During the morning, I sent messages to my three siblings – two who live in the Brisbane area, and a brother, who with his wife just 4 weeks ago, moved up to Rockhampton, one of the Queensland towns which has been hard hit by the floods. Colin rang me later in the morning –  they are living about 10 kms out of Rockhampton itself, but are completely cut off from the town, so are unable to get in for supplies – food, fuel [beer of course!!] – there are some local stores in their area, but they are fast running out of supplies, etc. Meanwhile, Colin, as a train driver is unable to work, as far as driving is concerned – many lines underwater, trains and stock damaged by floodwaters, and that situation is unlikely to be remedied, perhaps for some weeks. I’m assuming that Angela, who is a nurse, is also possibly restricted from getting to her employment, although I’ve not confirmed as yet as to whether she had actually commenced a new job since moving north.

I must say that it was nice to receive an email of concern from a friend [former penfriend of the kind I was referring to yesterday – people I’m still in touch with after many years]  – Dee, who has often in the past relayed to me details of the annual  storms and hurricanes that hit Florida, was confused about her ‘geography’, so was wondering whether I was living in the flood areas. I was able to assure her, that we were many thousands of kilometres to the south of the crisis area.

Ironically, while all this flood disaster is occurring, over on the west side of the continent, we have reports  of  bushfires causing havoc  – with the following being the recent situation there.

‘More homes could come under threat as a bushfire continues to burn out of control south of Perth.  Four homes have been destroyed and more than 2,000 hectares of land burnt. The fire, which started near Lake Clifton south of Mandurah yesterday afternoon, could affect homes in Tuart Grove. Emergency services are keeping a close eye on an expected wind change that could cause flare-ups. A bushfire alert remains in place for people living between Old Coast Road, Old Bunbury Road and Southern Estuary Road in Lake Clifton to the intersection of Old Coast Road and Southern Estuary Road in Herron. Hundreds of residents, forced to leave their homes as the fire bore down, have spent the night with family and friends or in one of the evacuation centres set up in the area. Authorities are treating the fire as arson after seven ignition points were discovered’………………..thankfully, here in  Victoria, because of the relatively  cool and wet summer we have experienced so far, bush fires have not being a concern, although we do still have the usual hottest two months of the summer ahead of us.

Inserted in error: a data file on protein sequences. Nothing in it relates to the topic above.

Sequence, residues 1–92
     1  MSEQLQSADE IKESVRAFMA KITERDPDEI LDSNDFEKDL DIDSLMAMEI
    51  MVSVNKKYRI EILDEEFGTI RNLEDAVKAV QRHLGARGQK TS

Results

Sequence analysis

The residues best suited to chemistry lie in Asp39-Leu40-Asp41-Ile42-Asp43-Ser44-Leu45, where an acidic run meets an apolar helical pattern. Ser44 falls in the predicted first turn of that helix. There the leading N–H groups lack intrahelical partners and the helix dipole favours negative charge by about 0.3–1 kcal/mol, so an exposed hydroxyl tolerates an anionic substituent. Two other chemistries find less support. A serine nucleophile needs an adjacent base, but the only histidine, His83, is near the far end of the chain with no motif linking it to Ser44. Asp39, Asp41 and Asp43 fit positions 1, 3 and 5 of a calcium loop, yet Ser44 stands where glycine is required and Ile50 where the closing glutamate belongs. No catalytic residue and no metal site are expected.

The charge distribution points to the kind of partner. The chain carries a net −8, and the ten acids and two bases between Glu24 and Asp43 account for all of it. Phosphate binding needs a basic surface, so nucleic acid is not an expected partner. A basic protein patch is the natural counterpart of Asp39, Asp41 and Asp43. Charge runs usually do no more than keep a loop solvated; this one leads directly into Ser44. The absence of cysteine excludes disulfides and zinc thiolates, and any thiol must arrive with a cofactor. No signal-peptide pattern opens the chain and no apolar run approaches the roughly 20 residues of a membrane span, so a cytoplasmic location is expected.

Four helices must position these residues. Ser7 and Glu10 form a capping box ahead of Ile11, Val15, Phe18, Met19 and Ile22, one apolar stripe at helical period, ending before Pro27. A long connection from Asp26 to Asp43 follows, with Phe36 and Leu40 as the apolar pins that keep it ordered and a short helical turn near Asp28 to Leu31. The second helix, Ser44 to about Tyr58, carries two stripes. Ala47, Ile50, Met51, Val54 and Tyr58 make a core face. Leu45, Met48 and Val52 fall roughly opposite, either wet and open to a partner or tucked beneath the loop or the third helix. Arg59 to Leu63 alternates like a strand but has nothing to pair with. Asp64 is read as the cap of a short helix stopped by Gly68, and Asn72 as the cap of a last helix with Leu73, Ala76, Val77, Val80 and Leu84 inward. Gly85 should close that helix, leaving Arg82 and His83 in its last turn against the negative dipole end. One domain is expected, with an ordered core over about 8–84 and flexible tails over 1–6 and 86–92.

As the day and night progressed, the news on the flood scene grew grimmer, the death toll rose, and numbers of people missing continued to increase. I managed to escape to the relative sanctity of the radio studio this evening for a couple of hours, and during one 25 segment, played a series of lovely songs from Australia’s Jane Clifton [well born overseas actually but came to Australia – Perth initially- as a young girl with her family and has proved to be a very versatile performer over many years – in acting, singing, work in TV, stage and movies, public speaking engagements, in fact a bio that reads like a novel almost. And an album, released back in 2003 called ‘A Marriage of Style’ on which she recorded some wonderfully relaxing songs with the support of a varied team of experienced professional musicians. I enjoyed in particular the title song, and also the very popular ‘Music To Watch Girls Go Buy’. My oasis in a night of disturbing news reports and flood coverage.

Also admittedly, a little bit of concern for my two daughters who had spent the day down at one of our regional beaches on the south coast west of Geelong, a popular resort named Torquay. They had driven down there, and when I spoke to Susie around 5.30pm, had not yet left for the return trip. By 8pm, the weather up this way was beginning to close in, foggy conditions with storm and rain clouds bringing an early darkness to the night. I was worried about their trip home on the roads. I guess Susie my way of thinking – rang me about 9pm, to say she was back in Sunbury, and was spendinga little time at a friend’s house nearby where she has been looking after their pets while they were away. Needless to say, I was much more relaxed from that point onwards!!

Switched away from the progressive news coverage of the Queensland floods, to have a look at the SBS second program in ‘The Late Session – Chat Show’ – another interesting panel tonight, under the cordination of presenter Waheed Aly, with the topic of discussion around the area ‘happiness’  – how we achieve a level of happiness, and the various associated aspects of the topic.  One of the panelists or guests [the program takes the format of a casual dinner party] was singer/songwriter Clare Bowditch whose music I have featured on the radio from time to time – during the course of the show, she sang a couple of songs for us, made a very pleasant mix in the ‘chat’ format. Other guests were Maggie Beer [TV chef and food writer, extroadinaire], Debra Mailman [ Australian Aboriginal television and film actress], Gerry Harvey [self made business millionaire] and Nigel Marsh [Best-selling author, renowned CEO and performance coach].  As the host described one of the guests “Gerry Harvey was very interesting to have on. We did a show on happiness and being one of the richest men in Australia it was very interesting to talk to him about that. You really want diversity so that you get a range of perspectives on [the theme].”   All in all, with the variety of guests, a pleasant interlude to the night’s news!!